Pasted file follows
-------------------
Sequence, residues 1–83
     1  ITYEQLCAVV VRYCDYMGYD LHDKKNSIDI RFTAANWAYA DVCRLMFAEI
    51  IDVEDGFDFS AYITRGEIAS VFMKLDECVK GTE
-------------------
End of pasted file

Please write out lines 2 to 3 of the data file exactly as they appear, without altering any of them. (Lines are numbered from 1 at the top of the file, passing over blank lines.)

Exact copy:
     1  ITYEQLCAVV VRYCDYMGYD LHDKKNSIDI RFTAANWAYA DVCRLMFAEI
    51  IDVEDGFDFS AYITRGEIAS VFMKLDECVK GTE